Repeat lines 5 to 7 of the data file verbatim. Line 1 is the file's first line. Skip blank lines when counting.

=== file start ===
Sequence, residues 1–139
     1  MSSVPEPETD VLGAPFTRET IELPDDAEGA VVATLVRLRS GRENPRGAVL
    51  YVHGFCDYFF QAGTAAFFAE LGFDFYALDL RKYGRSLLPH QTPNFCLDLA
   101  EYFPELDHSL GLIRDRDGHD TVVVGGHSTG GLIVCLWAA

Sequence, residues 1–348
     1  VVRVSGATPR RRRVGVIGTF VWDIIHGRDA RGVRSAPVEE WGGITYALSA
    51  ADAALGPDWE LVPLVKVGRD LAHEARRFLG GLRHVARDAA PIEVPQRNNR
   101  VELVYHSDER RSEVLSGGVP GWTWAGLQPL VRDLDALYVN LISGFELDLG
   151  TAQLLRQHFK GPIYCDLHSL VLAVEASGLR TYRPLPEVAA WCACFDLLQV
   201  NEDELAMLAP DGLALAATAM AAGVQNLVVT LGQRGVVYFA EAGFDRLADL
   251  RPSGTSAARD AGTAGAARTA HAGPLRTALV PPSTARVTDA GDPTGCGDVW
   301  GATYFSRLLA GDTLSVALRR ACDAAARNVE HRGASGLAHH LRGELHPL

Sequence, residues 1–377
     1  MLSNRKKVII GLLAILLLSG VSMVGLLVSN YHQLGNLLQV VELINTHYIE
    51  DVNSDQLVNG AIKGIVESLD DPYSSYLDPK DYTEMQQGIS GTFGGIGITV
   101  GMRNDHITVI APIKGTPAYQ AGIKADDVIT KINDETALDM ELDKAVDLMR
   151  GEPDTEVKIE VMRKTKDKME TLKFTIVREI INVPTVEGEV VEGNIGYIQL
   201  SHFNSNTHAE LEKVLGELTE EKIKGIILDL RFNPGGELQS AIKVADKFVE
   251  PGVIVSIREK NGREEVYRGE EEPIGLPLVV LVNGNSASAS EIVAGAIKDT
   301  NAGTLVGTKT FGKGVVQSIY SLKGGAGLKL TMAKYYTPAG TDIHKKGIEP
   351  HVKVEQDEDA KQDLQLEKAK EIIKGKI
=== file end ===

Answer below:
Sequence, residues 1–348
     1  VVRVSGATPR RRRVGVIGTF VWDIIHGRDA RGVRSAPVEE WGGITYALSA
    51  ADAALGPDWE LVPLVKVGRD LAHEARRFLG GLRHVARDAA PIEVPQRNNR